The Saudi MOH is reporting two `mild’ MERS cases, albeit with `respiratory symptoms’ from Riyadh today. Of note, neither are listed as being contacts of confirmed or suspected cases.
How they were identified, or what their potential exposure to the virus might have been, is not disclosed. Additionally, 3 recoveries, and 1 death are reported today.
Since early August the Saudis have reported more than 170 MERS cases, most of which are linked to hospital outbreaks in the the nation’s capital. Included are more than 2 dozen healthcare workers.
A substantial number, however, are listed as not having `contact’ with known cases, or have cropped up in other locations, begging the question of how they were exposed.
While some may be the result of camel contact, that explanation is unlikely to apply to all of these community acquired `mystery’ cases. The role (and incidence) of `mild’ or asymptomatic carriage and transmission of the virus remains unresolved (see WHO EMRO: Scientific Meeting Reviews MERS Progress & Knowledge Gaps).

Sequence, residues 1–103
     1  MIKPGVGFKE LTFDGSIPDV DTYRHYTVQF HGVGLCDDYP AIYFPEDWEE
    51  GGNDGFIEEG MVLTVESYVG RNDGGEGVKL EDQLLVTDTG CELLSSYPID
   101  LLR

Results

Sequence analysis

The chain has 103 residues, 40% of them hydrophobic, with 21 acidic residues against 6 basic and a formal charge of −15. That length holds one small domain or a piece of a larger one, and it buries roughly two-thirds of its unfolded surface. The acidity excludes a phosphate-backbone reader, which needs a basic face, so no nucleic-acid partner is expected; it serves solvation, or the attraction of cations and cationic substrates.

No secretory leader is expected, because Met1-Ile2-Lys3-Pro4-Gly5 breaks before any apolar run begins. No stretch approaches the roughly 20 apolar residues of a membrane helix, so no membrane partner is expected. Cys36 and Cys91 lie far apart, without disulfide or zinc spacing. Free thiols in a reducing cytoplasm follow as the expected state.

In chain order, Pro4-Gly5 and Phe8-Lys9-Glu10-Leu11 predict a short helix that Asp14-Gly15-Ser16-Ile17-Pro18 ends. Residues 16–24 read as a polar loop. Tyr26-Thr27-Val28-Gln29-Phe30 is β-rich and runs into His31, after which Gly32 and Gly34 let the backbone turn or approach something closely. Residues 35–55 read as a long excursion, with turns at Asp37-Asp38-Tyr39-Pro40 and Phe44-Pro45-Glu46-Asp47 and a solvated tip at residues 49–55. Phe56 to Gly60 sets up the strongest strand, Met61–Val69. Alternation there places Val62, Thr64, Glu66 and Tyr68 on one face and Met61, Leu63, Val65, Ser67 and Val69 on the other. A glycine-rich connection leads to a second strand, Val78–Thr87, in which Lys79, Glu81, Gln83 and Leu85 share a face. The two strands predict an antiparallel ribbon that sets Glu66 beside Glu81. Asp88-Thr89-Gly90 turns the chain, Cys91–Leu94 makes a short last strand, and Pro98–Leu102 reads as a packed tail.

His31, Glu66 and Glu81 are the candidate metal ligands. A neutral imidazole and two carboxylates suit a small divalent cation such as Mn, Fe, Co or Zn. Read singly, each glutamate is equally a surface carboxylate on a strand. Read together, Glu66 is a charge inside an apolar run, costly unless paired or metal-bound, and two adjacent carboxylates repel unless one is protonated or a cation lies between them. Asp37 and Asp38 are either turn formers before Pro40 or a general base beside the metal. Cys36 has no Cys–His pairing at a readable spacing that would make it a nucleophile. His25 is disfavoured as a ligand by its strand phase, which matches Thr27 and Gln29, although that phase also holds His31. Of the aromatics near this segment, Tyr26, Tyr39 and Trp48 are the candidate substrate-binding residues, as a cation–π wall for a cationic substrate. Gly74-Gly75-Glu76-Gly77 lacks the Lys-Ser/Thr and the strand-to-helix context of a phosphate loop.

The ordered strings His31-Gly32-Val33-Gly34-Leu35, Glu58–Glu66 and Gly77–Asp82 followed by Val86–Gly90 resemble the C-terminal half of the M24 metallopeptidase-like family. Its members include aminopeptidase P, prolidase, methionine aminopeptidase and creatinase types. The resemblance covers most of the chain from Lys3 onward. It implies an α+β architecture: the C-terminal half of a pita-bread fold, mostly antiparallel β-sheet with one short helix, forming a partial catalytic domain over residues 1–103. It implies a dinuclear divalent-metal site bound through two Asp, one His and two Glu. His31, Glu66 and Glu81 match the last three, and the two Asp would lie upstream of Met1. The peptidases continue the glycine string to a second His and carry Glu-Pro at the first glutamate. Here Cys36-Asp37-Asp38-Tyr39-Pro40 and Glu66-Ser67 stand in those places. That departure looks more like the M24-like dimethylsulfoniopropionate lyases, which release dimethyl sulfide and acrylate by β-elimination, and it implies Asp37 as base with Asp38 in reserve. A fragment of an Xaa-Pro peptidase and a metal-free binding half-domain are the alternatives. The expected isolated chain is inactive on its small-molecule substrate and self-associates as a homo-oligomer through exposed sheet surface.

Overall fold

Although the official start of the Hajj is still a week away, already hundreds of thousands of religious pilgrims from all over the world have converged on the Holy Cities, prompting public health officials around the globe to ramp up their preparations for the possible import of the virus when they return home.
A little over two weeks ago, the ECDC’s Updated Rapid Risk Assessment on MERS in light of Riyadh hospital outbreak warned:
Over 110 new cases and 30 deaths have been reported globally so far for August 2015 alone, almost all of them from Saudi Arabia. When compared to previous years, the increase in reported MERS cases in August is unexpected and is mainly explained by a large, ongoing outbreak linked to one Riyadh hospital.
The extent to which other healthcare facilities in Riyadh are affected is unknown, as is the number of asymptomatic individuals who may be infected with MERS-CoV.
The role of hospitals as amplifiers of MERS-CoV infection is well known, so the strict and timely application of comprehensive infection prevention and control measures is imperative.
Sporadic, imported cases can be expected in EU/EEA Member States, and is associated with a risk of nosocomial spread. This highlights the need for awareness among healthcare workers, early detection through functioning testing algorithms, preparedness planning and stringent infection control precautions.